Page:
Art begins with resistance - at the point where resistance is overcome. No human masterpiece has ever been created without great labor. ~Andre Gide
The visual and performing arts faculty offer students the opportunity to develop their skills and reach their fullest potential as artists. We encourage students to enhance their technical, practical, and creative techniques so that they may communicate and express themselves in effective and meaningful ways.
In all of our courses, we provide students with an experience in the arts that reflect:
Artistic Perception: Processing, analyzing, and responding to sensory information through the language and skills unique to a given art.
Creative Expression: Creating, performing, and participating in a given art.
Historical and Cultural Context: Understanding historical contributions and cultural dimensions of a given art.
Aesthetic Valuing: Responding to, analyzing, and making critical assessments about works of a given art form.
Connections, Relationships, and Applications: Connecting and applying what is learned in a given art form to learning in other art forms, subject areas, and careers.
The purpose of Color and Design is to create a foundation of skills to enable the students to confidently create successful artwork, and foster curiosity and an enjoyment of the process. This course follows an investigation into the elements of art; line, texture, color, space, shape, value using Ms. Raimondi's ‘Art Order of Operations’ (Proportion, Shape, Light Source & Detail), designed to answer the question, “Where do I begin? These techniques and methods are explored through a series of projects, drawing from the observation of 2 dimensional subjects to begin with, and translating that knowledge to drawings of three dimensional still life, and human subjects.There is a specific points based grading rubric for the skills required to execute each project. This foundation prepares students for success in both our Context and Application (our advanced art course), and AP 2-D Design, and AP Drawing, as well as drawing for pleasure.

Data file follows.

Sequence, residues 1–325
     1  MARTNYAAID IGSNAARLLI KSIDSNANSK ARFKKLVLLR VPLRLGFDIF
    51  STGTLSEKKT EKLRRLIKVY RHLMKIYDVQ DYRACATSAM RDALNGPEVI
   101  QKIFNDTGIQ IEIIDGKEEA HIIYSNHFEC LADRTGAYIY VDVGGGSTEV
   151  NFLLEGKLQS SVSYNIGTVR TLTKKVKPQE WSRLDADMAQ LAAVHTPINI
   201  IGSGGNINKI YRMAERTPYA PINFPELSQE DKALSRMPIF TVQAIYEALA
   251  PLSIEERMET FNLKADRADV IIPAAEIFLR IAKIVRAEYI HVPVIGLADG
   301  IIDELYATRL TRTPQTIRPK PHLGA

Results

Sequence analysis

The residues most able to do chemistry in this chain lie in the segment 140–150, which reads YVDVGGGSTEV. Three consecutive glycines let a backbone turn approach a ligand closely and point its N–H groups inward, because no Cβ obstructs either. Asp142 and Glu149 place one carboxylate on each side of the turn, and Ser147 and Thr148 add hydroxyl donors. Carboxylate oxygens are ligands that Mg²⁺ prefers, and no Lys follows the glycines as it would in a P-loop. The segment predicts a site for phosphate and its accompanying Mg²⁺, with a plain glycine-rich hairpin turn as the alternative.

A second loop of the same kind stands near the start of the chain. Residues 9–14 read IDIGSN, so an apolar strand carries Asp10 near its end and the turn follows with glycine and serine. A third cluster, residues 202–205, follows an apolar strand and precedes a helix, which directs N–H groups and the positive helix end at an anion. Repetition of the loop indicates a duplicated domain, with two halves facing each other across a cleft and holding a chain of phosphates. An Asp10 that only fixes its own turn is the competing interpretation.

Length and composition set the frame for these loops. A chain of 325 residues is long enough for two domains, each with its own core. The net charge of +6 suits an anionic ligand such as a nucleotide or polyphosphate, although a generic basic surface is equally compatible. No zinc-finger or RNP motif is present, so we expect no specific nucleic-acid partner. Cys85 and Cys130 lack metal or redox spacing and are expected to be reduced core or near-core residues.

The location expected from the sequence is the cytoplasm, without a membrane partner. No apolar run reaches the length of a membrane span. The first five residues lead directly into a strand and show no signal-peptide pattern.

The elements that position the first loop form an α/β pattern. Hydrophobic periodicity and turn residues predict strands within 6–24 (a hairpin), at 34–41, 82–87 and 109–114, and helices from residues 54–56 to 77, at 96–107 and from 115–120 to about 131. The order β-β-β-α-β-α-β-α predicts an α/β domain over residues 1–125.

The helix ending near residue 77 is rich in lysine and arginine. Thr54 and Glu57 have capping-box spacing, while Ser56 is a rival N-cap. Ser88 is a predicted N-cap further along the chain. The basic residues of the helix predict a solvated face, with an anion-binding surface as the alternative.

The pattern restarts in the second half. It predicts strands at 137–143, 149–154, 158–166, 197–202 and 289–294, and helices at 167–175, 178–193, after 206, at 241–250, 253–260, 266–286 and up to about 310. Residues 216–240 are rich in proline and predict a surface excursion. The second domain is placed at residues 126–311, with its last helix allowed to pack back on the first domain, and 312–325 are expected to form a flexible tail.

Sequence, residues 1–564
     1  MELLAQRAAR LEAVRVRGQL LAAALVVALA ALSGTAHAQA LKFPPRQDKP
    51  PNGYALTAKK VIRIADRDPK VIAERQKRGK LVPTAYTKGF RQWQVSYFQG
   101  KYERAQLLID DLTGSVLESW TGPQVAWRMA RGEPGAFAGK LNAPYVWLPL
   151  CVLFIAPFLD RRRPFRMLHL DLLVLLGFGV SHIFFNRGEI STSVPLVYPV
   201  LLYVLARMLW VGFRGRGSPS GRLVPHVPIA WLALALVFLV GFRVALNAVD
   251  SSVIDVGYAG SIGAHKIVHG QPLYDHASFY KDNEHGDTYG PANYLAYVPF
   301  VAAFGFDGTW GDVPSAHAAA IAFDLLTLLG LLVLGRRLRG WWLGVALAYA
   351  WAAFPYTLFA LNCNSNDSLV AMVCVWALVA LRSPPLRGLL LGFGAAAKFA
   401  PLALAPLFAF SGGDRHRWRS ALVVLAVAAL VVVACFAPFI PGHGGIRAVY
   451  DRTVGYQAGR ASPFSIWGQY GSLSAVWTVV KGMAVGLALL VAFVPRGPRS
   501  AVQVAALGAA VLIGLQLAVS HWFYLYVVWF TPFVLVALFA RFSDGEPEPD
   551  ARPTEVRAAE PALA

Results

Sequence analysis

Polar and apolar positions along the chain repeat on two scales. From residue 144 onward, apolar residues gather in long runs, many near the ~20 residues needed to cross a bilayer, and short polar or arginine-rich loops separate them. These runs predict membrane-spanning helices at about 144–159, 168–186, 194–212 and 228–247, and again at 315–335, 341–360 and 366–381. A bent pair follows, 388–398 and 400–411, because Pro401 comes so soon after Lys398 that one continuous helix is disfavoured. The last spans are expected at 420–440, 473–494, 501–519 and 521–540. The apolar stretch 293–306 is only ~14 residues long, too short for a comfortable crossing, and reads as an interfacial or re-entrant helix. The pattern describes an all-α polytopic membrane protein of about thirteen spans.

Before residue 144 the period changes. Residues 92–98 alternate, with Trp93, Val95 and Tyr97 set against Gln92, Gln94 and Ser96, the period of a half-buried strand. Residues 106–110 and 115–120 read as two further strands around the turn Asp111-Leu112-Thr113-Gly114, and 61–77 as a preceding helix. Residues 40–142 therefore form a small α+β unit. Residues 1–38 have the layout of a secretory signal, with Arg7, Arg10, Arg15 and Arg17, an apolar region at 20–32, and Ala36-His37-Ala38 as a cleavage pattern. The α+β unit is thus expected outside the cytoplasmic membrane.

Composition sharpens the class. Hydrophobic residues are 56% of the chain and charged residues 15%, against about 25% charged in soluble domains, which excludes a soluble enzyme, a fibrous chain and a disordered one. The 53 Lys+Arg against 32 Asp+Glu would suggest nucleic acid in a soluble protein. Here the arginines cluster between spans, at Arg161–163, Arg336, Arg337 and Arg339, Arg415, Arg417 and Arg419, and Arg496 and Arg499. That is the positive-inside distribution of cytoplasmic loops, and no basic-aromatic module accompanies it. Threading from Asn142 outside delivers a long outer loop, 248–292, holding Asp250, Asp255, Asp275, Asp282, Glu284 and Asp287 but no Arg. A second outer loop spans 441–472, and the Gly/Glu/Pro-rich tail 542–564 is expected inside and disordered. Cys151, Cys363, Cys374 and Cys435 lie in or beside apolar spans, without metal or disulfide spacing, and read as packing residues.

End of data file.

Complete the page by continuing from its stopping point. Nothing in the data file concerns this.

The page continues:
The course Context and Application will inform students of the various social, scientific, political and environmental influences inspiring significant art movements in order to comprehend art as communication. Students will practice the primary function of this course, which is to connect the Art students seek to understand, with the Art they make. Students will observe works from various eras, focusing on; prehistoric works, ancient Middle Eastern, Aztec, and Asian; European pre Middle Ages, Renaissance, Rococo, Pre-Raphaelite, Impressionism, Twentieth Century Modern, Social/Political Realism, and Twenty-First Century Social/Street Art. Students will experience the media and tools of each era while exploring the use of appropriate materials. Students will learn about social and environmental conditions of the time that influenced the works examined. The principles of design and elements of art will be observed as students understand how they are utilized, and how the awareness of skills and use of materials developed through time.
This course is an investigation into paint as a medium. Problem solving projects and study of various painting genres and techniques are addressed. Projects will vary, but will include painting from life and observation. Both acrylic and watercolor painting is practiced. The second semester continues the study of paint as a medium. Students experience both acrylic and watercolor painting.
This is an introductory course dealing with the elements of art as they apply to three-dimensional constructions in clay. The course covers basic building and joining techniques, firing processes and glazing. Individual development is encouraged. Evaluation is based on written work, tests, and studio work. Students have the opportunity to work on the potter’s wheel.
Two Semesters Grades 10-12 PREREQUISITES: Departmental Approval
This is a rigorous college-level portfolio class that emphasizes quality of student work, concentration on a particular visual interest or problem, and breadth of experience in the artist’s formal, technical, and expressive means. Students are taught to understand art as an ongoing process, investigate formal and conceptual issues, develop technical skills, and use critical thinking and decision-making skills. Portfolios are expected to show a fundamental competence and range of understanding in visual concerns and methods.
As part of the Performing Arts Collaborative, students perform in films written, produced and scored by students in Creative Writing, Advanced Multimedia and Advanced Sound. The class explores each individual's creative powers through a series of exercises and theater games. Students investigate and appreciate various aspects of theater, such as dance, movement, voice characterization, and improvisation. In addition, each student participates in the spring production by directly being involved in an acting role, or by helping with set design, costume construction, or other technical theatrical aspects. As the course progresses, students are trained in speech and vocal development.
This course is an introduction to the theory and practice of Narrative, Documentary, and Autobiographical Film-making. The course focuses on providing the student with a foundation of knowledge in all three stages of production as well as the historical and cultural role moving image plays within society. Students learn the equipment, techniques, technology and theory as it pertains to visual language as a tool for communication, education, entertainment, and civic engagement. The elements, techniques, and styles serve as a foundation for each unit covered. Selected historical or cultural contexts are applied with attention to analysis, interpretation, and relationship to student work.